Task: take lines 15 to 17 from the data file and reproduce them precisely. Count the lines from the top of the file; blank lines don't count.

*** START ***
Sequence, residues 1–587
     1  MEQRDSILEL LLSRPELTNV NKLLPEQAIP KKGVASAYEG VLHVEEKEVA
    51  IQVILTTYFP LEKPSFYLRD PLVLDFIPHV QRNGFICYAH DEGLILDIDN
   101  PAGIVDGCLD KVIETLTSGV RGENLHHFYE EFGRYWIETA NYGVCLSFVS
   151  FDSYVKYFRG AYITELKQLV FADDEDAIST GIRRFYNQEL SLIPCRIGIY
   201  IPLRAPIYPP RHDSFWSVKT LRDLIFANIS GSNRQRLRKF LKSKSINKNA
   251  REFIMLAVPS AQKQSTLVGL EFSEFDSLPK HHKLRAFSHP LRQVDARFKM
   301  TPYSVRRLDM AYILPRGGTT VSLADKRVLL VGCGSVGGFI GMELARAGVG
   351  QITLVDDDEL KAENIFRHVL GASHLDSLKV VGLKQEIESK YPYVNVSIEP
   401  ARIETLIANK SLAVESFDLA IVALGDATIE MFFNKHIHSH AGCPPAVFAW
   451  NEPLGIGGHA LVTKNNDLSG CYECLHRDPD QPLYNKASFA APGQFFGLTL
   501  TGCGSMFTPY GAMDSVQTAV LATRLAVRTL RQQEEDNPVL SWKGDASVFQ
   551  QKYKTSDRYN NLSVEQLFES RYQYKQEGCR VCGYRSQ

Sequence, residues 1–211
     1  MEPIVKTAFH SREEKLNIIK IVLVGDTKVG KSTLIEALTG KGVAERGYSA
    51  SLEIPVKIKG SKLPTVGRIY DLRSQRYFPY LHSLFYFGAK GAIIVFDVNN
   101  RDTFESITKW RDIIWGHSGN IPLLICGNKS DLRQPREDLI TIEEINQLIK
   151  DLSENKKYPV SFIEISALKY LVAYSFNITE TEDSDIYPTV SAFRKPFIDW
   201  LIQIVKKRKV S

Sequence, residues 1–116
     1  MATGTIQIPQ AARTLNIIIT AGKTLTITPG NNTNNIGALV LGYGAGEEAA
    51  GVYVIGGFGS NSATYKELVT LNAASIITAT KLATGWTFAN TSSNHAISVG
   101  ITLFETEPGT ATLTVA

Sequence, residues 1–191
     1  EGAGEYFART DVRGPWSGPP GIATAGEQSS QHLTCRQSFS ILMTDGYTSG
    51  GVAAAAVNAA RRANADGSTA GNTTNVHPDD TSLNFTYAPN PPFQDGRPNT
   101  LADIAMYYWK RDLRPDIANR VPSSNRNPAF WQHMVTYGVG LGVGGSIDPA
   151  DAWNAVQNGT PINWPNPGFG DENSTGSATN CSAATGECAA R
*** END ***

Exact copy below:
     1  MEPIVKTAFH SREEKLNIIK IVLVGDTKVG KSTLIEALTG KGVAERGYSA
    51  SLEIPVKIKG SKLPTVGRIY DLRSQRYFPY LHSLFYFGAK GAIIVFDVNN
   101  RDTFESITKW RDIIWGHSGN IPLLICGNKS DLRQPREDLI TIEEINQLIK